Quoting KC135TopBoom (Reply 12):
Keep thinking that. I see many more possible international sales of Typhoons than I do of Rafels. Most countries do not need a carrier capable airplane, and the extra weight that comes with it.

The F-35 is not just a carrier aircraft it has 3 versions only one of which being strickly built for aircraft carriers.


User currently offlineCpd From Australia, joined Jun 2008, 4879 posts, RR: 39
Reply 14, posted (4 years 4 months 1 week 2 days 10 hours ago) and read 9853 times:



Quoting Keesje (Reply 9):
I have the feeling the US government is telling the South Koreans, Japanese, Israelies, Australians and other air forces the F15 is good enough for them.

Which is why we steered clear of the F15, in any of its forms.

I do have a feeling that Dassault can provide the kind of plane these nations want - if demand exists for it.

Quoting KC135TopBoom (Reply 12):
The F=15Se looks to be an airplane with great possibilities. Some countries asked about the F-22, but how many could afford it if they were allowed to buy it?

Australia could. After all, we are throwing huge money at the F35. However, the powers that be keep saying that the F22 isn't a very good plane. It's hard to know if they really mean that, or if political influences are making them say nice things about the F18 Superhornet or F35 and bad things about the F22.


User currently offlineKC135TopBoom From United States of America, joined Jan 2005, 12061 posts, RR: 52
Reply 15, posted (4 years 4 months 1 week 2 days 9 hours ago) and read 9847 times:



Quoting Wvsuperhornet (Reply 13):
Quoting KC135TopBoom (Reply 12):
Keep thinking that. I see many more possible international sales of Typhoons than I do of Rafels. Most countries do not need a carrier capable airplane, and the extra weight that comes with it.

The F-35 is not just a carrier aircraft it has 3 versions only one of which being strickly built for aircraft carriers.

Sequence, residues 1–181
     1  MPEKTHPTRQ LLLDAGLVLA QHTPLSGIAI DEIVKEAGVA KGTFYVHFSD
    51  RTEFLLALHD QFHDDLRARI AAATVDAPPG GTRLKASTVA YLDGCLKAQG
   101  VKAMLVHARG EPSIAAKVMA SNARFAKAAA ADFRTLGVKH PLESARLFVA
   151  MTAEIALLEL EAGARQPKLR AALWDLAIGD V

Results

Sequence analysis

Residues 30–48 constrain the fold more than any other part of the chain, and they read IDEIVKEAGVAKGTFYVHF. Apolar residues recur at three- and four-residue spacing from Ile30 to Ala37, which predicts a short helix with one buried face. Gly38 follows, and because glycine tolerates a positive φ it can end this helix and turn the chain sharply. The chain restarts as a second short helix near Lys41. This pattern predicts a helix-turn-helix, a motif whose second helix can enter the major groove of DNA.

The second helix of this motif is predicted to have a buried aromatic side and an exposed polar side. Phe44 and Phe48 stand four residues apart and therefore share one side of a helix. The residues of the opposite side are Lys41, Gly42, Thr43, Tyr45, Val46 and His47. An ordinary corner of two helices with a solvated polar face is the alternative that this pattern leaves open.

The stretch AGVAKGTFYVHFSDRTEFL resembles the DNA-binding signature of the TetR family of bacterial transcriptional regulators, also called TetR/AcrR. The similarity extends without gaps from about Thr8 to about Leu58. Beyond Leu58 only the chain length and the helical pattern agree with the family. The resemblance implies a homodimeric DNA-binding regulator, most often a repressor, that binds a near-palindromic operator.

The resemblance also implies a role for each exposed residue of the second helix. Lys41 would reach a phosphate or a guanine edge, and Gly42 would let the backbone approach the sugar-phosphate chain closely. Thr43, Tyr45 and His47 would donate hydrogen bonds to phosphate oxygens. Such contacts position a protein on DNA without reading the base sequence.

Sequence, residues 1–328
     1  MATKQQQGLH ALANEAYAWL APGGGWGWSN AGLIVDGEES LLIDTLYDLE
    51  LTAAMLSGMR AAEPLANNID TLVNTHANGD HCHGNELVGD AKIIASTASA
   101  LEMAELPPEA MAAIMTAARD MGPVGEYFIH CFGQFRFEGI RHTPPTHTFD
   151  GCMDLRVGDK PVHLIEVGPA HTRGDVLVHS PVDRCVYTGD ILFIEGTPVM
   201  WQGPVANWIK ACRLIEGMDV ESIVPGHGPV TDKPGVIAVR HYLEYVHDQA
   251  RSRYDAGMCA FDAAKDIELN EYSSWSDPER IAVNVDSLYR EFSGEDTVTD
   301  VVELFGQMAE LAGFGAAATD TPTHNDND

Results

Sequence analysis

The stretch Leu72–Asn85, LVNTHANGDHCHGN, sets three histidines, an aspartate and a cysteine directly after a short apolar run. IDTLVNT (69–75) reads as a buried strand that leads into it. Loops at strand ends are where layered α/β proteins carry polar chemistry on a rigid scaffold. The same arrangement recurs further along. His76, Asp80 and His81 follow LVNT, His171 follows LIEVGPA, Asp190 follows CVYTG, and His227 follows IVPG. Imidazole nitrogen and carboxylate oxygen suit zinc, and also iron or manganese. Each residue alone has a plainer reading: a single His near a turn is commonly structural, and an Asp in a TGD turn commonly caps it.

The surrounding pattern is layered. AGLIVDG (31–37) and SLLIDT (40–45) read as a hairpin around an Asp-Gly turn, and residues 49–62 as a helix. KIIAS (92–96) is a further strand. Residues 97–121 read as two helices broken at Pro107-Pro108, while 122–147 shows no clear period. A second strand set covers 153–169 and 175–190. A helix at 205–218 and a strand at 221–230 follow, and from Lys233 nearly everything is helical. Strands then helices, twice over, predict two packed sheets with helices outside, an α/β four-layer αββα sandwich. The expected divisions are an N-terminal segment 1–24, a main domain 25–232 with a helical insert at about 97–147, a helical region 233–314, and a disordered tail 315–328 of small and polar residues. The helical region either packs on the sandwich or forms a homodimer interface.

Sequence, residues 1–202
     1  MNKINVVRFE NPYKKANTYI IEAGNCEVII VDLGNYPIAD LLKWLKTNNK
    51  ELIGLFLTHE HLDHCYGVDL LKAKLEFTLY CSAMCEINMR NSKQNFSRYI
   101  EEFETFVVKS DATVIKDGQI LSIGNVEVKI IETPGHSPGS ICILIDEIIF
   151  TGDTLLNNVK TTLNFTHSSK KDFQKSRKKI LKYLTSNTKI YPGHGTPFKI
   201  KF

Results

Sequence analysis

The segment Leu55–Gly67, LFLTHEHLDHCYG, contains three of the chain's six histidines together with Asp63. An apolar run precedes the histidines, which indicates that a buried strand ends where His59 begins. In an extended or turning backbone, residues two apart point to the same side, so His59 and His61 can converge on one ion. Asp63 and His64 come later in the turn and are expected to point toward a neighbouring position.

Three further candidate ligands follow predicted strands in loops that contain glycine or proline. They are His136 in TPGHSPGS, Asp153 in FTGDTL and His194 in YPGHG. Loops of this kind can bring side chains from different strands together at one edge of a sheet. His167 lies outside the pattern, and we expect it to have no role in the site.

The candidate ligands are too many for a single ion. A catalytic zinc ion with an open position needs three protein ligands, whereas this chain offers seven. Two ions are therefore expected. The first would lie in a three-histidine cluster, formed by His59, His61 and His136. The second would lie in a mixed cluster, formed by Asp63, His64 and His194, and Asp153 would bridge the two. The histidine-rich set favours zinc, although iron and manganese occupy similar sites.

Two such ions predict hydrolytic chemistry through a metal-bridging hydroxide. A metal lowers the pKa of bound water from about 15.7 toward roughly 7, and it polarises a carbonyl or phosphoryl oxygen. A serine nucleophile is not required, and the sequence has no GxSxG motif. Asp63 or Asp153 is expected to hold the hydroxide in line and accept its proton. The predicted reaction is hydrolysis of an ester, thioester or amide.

I know, the F-35A/B/C, but it was not the F-35 we were talking about in that reply.

Quoting Cpd (Reply 14):
Quoting Keesje (Reply 9):
I have the feeling the US government is telling the South Koreans, Japanese, Israelies, Australians and other air forces the F15 is good enough for them.

Which is why we steered clear of the F15, in any of its forms.

Neither the F/A-18 or the F-35 are good interdiction mission F-111 replacements. The F-15E, or export versions can, almost do the F-111 mission.


User currently offlineDEVILFISH From Philippines, joined Jan 2006, 4696 posts, RR: 1
Reply 16, posted (4 years 4 months 1 week 1 day 6 hours ago) and read 9726 times:

Quoting Keesje (Reply 9):
I have the feeling the US government is telling the South Koreans, Japanese, Israelies, Australians and other air forces the F15 is good enough for them.

The F-35 has supplanted the Eagle in that favored position.

Quoting Keesje (Reply 9):
Not everybody is convinced the F15 will take care of the new Flanker versions flooding Asia. (US for self protection neither, hence the F22).

Two countries recently bet with their wallets that it could - and that was not even this new SE version. As for flooding, only China and India have substantial numbers of those, mainly a foil against each other (in India's case at least). Even Russia is just building up its inventory only now. The F-22 in the U.S. is for deterrence and dominance.